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It is generally understood in software engineering that global state is bad. However, OpenGL has been designed very much embracing the concept of global state. many of the things you modify will affect everything in your program (active shading program, uniforms, active buffer, glDepthTest...)

Because of this, I ended up developing a philosophy of "do not fight the global state, embrace it". When I design OpenGL programs, I do so assuming that each function and object must set the state immediately prior to being rendered, and that nothing can be assumed prior to issuing a render command. if you want a specific depth test, set it, if you want a specific shading program, set it, if you want a given uniform value, set it. Obviously this is mostly a heuristic as setting everything every time on any function would be a horrible design.

I however find myself working with some developers that are fully against global state (for good reasons). Their design revolves around defining a small set of objects as singletons and then passing values down as parameters as much as possible. The end result is that sometimes there's 5 or more function calls between the intention (e.g "rendering") and the action (e.g calling glDrawArrays).

For example sometimes it seems, that the best place to me, in terms of easiness, clarity and refactorability, to perform an action, would violate this principle of avoiding global state by calling a function of a global object to change the value of a variable. Rather than trying to pass that variable down, which has lead to some discussions about the best design.

The question is, is it a good idea to folow the general heuristic and avoid global state as much as possible when working with OpenGL, or is this an exception to the rule and due to its design it can be considered that embracing the global state may be better in this one instance?

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    Stateful singletons do not avoid global state, they are global state. – Goyo Oct 31 '18 at 19:36
  • I know, which is why only a small set of objects are defined as singletons, to handle what could not be fully reduced to parameter passing, and the rest is just passed aroung along functions and objects. – Makogan Oct 31 '18 at 20:09
  • I guess the function call mentioned in the question can be reduced to parameter passing, otherwise you wouldn't be discussing which one is the best design. – Goyo Oct 31 '18 at 20:15
  • We are not talking about a single function, but rather design heuristics when using a really large and widely used api. – Makogan Oct 31 '18 at 20:21
  • I would consider anti-corruption layer – gnat Oct 31 '18 at 21:01
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OpenGL didn't 'embrace' global state so much as it was one of few sensible solutions to a technical problem. It's expensive to communicate with a video card. Flipping bits in video memory is considerably more expensive than flipping bits in ordinary memory. As an example it's so significant that later versions of OpenGL got rid of immediate mode, because setting up buffers (i.e. retained mode), then rendering from those buffers was so dramatically more efficient it was worth the more complicated setup. It would be impractical to "pass" the entire configuration of the rendering system on every frame because of how much communication would have to take place.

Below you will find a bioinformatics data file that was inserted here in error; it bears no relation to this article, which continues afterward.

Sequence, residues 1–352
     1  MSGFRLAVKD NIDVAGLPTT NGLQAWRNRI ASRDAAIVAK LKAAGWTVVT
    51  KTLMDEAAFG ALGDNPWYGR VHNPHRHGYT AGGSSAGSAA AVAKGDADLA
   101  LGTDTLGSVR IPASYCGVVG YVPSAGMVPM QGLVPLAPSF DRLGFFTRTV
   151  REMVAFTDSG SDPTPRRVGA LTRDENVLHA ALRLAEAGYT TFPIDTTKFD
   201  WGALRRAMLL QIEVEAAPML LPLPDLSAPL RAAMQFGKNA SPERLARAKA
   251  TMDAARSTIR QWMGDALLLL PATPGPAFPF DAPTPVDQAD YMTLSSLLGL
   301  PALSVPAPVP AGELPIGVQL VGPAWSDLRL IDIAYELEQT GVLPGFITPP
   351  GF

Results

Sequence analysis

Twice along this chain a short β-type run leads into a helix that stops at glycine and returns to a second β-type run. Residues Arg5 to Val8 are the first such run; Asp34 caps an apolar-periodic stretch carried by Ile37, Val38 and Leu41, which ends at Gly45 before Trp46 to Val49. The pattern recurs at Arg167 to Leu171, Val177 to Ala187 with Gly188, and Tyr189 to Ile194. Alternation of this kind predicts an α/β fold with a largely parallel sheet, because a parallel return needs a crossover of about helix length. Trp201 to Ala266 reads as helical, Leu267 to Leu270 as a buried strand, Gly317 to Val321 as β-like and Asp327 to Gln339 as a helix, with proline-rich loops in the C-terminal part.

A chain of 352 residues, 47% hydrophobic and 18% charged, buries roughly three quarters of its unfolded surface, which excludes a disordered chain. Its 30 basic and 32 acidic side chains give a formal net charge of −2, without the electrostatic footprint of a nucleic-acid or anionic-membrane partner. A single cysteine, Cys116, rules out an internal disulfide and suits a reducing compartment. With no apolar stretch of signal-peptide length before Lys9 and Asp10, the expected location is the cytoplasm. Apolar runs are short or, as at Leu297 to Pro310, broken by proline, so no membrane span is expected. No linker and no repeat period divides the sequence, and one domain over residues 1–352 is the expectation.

In contrast, in many web server situations, it's not uncommon to pass around a massively complex data structure, encompassing the entire state of the request and whatnot, because all you're really actually passing is an 8 byte pointer.

So, the problem with global state is it can be hard to know who's modifying it and when, and so it can be tricky to reason what it's state is. So, the thing to do is to setup your application to only modify that state in well defined ways, with well defined processes, so it is easy to reason what is happening.

Just compare the rendering state with e.g. a database driven application. In many respects, the database is a big global state. However, the interface to that DB, and often the DB itself, enforces when and how it is modified, and enforces what the data looks like inside it.

One simple way you can implement something similar is to have an interface which keeps track within your application what the state of the renderer is. You know you need the renderer setup a particular way, so you can consult your interface which would know, without needing to ask the graphics card. Likewise, it can also make the decision what has to change to get the renderer into the right state in the most efficient manner.

Building 3d graphics engines is an enormously complicated and broad subject, so I can't give precise pointers or code samples. But the basic gist is you need to come up with a way to sensibly merge the global state of the 3d card with a limited scope programming model on the CPU side, rather than having your application use all global variables.

In your specific example, when you say the other devs are defining several singletons and passing them around I get highly suspicious, but without seeing more of what's going on I can't really comment on that in more detail.

  • Why do you get highly suspicious? – Makogan Oct 31 '18 at 20:20
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    @Makogan because singletons are usually dodgy except for some specific circumstances. If you are using singletons to bridge the cpu -> video divide I'm doubtful they're being used sensibly. – whatsisname Oct 31 '18 at 20:22
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    @Makogan: If I may add something: State changes are costly (although different things have different costs), so what you may want to minimize them by organizing your data so that it's processed in batches (e.g. by sorting, or keeping the data in separate arrays by type), which should reduce the frequency of state changes and cache misses. While I'm all for OOP, this is the case where it's better to design the system in a way that avoids a lot of pointer indirection, and prefers coarse-grained objects and a more procedural, data-oriented design for the rendering code. – Filip Milovanović Nov 1 '18 at 13:36